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Delphine's World of Risque Management

New chill burger is the dope

A well known US burger chain being sued? Surely an obesity-related claim? Trans fats? No, not even close. It has been reported that two US police officers are to sue a well known burger chain because they allege that the hamburgers had been sprinkled with marijuana. They are alleging personal injury, negligence, battery and violation of fair practices, apparently

The two officers (who were surprisingly not called Cheech and Chong) ate half of the burgers before noticing the marijuana. They then used a field test kit to confirm the substance was indeed marijuana, and then went and checked themselves into hospital. Three burger store employees were arrested on suspicion of tampering with the burgers and attempting to impede law enforcement officers in the course of their duty. They were charged with possession of the drug, and aggravated battery on an officer.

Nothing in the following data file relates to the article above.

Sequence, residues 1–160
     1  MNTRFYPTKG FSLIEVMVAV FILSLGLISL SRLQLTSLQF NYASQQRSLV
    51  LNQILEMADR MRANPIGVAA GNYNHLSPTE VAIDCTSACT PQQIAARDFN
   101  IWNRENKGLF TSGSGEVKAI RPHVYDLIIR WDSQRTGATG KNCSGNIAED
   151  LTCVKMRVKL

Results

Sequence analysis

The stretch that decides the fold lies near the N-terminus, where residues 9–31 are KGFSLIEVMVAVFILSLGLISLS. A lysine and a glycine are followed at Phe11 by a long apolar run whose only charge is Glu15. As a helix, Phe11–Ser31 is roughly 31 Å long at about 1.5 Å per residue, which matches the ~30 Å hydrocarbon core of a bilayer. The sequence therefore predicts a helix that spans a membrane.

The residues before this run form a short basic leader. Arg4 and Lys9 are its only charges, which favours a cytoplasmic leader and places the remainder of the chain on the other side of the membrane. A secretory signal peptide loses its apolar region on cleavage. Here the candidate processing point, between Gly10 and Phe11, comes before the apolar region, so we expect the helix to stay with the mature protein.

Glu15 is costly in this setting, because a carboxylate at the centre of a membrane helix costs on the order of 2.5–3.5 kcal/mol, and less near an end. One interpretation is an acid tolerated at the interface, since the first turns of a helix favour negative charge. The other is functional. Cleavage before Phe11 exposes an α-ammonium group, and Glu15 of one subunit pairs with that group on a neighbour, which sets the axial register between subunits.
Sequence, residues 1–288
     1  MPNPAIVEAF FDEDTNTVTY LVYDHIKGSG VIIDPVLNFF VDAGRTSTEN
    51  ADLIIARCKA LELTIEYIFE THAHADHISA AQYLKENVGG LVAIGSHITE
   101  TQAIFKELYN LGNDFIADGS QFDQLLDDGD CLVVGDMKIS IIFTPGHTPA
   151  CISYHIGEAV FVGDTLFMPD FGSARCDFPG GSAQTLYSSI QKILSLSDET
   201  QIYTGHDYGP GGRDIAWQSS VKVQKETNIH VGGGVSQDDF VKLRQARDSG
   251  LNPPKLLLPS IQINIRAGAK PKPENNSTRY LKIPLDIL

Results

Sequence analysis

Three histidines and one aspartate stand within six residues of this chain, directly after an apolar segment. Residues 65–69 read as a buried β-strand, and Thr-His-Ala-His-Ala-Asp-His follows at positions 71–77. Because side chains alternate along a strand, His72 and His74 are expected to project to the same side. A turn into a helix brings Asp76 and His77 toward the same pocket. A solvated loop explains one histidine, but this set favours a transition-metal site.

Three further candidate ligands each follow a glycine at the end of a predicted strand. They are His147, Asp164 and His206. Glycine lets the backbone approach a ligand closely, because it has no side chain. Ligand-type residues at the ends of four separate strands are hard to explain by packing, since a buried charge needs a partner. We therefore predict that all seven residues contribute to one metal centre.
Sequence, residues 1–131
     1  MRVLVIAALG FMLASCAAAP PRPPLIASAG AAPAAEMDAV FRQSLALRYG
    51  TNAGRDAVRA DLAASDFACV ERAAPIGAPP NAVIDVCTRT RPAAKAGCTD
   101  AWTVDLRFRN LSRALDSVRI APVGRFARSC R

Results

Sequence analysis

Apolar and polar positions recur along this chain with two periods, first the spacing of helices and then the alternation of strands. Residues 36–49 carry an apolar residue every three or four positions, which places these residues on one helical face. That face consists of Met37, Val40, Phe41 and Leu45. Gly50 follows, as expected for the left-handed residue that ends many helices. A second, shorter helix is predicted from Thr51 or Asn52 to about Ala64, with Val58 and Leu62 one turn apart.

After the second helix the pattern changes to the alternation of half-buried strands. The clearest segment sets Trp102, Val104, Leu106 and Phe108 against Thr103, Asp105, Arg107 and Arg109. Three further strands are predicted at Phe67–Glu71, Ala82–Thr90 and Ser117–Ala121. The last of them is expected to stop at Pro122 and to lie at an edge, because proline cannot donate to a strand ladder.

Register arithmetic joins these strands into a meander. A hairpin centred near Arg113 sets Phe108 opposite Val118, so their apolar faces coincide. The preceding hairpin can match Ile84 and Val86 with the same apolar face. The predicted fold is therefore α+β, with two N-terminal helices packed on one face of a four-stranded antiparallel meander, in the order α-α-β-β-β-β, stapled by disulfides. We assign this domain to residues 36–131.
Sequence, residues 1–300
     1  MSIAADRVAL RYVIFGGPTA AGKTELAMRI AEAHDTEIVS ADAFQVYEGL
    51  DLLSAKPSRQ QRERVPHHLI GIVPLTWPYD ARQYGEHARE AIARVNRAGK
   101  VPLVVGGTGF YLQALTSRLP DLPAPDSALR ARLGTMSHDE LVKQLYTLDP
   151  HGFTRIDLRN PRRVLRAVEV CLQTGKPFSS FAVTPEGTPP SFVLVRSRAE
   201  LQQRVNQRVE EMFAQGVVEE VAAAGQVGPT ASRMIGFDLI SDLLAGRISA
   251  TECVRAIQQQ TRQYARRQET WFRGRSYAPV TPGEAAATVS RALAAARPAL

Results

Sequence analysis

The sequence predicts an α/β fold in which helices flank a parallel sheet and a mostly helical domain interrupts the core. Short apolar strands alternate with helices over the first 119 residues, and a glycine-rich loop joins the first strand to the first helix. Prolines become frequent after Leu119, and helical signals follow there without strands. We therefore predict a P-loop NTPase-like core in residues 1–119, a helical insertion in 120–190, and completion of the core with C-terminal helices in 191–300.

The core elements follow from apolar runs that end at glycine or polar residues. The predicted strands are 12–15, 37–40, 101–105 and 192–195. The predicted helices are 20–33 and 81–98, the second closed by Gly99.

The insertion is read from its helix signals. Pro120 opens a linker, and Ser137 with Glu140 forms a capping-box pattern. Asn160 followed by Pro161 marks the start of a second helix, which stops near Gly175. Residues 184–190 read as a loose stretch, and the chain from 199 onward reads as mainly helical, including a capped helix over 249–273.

It all sounds a bit strange. Surely the drug would take much longer to take effect than it takes for a police officer to eat half a burger. If it had affected them that quickly, how were they able to operate a marijuana field testing kit (whatever that is) without giggling stupidly, and eventually giving up and having a sleep.

And instead of checking into the nearest hospital, surely they would go searching for the nearest all-night garage to purchase copious amounts of chocolate and biscuits.

I'll take the Moroccan
black burger, no fries

It is also unclear as to the exact nature of the personal injury allegedly suffered by the two officers. Can you claim for "feeling mellow", or "a bit chilled" or even "having the munchies"?

Still, laws were clearly broken. As for the perpetrators, you've got to be pretty stupid to a) waste your hard-earned drugs on strangers b) do it to a copper. Personally, I blame You Tube.

Suncream that cures sunburn

Great news for construction workers and other outdoors workers, especially those men who like to strip off to the waist when the sun is out. Cancer from sunburn could become the biggest new threat to the building industry by generating huge employers' liability claims in the future.

But new research has been published into a new sunscreen ingredient that actively repairs sunburnt skin and helps prevent the onset of skin cancer. That's right, forget Factor 30 suncream, you need Factor Skin Repair.